United Kingdom

United Kingdom

Floating wind to cost £85/MWh by mid-2020s

UK: Floating turbines could push the cost of offshore wind down to £85/MWh (€116/MWh) by the middle of the next decade according to the research body Energy Technologies Institute (ETI).

ETI's report compared the difference of floating foundation types
ETI's report compared the difference of floating foundation types

The Offshore Wind Floating Wind Technology report believes effective deployment of floating technology could see it compete with other forms of low carbon energy generation by the mid-2020s, ETI said.

"The UK has many high-energy offshore wind sites within 70 to 100km of the shoreline, but which sit at water depths in the range of 50-100 metres, beyond the depth at which existing foundation technologies are commercially viable. Cost competitive foundation technology suitable for these deeper waters would enable the UK to make the most of the favourable (but currently unexploitable) wind energy resources around our coastline," the report said.

However, to get to that stage, ETI said revenue from power generation alone would not be enough to enable the technologies to demonstrate at full scale. Financial support for innovation would be needed.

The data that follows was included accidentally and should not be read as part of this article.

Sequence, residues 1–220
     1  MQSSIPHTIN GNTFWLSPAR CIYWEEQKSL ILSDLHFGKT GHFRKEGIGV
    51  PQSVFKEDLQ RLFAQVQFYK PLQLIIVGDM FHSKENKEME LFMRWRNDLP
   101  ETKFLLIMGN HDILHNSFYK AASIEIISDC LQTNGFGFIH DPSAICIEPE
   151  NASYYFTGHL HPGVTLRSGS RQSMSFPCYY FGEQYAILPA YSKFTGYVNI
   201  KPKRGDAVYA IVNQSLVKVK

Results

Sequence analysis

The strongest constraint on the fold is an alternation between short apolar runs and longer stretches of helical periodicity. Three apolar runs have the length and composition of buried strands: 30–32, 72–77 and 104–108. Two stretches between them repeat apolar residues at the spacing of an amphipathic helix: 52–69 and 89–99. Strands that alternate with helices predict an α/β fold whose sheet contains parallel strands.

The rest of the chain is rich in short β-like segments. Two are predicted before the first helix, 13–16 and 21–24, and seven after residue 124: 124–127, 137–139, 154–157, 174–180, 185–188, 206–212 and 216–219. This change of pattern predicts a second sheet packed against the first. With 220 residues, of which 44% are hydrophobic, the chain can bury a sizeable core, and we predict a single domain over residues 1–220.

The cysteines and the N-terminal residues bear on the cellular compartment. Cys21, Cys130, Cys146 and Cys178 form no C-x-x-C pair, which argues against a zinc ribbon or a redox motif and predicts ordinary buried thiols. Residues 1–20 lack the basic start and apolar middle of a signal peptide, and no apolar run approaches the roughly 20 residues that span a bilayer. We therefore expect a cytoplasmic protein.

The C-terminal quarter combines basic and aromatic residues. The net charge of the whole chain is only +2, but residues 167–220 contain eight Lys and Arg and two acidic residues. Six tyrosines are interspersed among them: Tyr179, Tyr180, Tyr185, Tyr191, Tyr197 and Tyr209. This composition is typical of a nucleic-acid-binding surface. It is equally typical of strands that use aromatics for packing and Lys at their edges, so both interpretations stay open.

The report's author and ETI offshore renewables strategy manager Stuart Bradley said: "At this stage there is little, if any, market pull for floating wind solutions, and technology push will be needed until deeper water sites are provided. Test sites and policies need to be in place to encourage the development of floating technology suitable for UK waters if it is to be available by the 2020s."

ETI's report echoes one released by the Carbon Trust in June 2015. That report suggest floating offshore wind would only produce electricity at £85/MWh by 2050.

The two reports however differ on the type of floating technology that can produce the lowest costs.

ETI, which is involved in the PelaStar tension-leg platform project, suggest the tension-leg solution as the best technology. Whereas Carbon Trust's report found that semi-submersible foundations, with simple installations, can achieve the lowest potential cost, slightly less than spar-buoy and tension-leg platform designs.

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